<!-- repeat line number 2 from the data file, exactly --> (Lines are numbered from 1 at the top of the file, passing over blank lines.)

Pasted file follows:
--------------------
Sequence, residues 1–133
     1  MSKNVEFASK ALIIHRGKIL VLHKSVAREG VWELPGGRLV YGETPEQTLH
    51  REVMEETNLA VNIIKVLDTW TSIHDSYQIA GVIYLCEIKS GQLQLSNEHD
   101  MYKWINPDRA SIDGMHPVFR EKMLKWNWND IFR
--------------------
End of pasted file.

     1  MSKNVEFASK ALIIHRGKIL VLHKSVAREG VWELPGGRLV YGETPEQTLH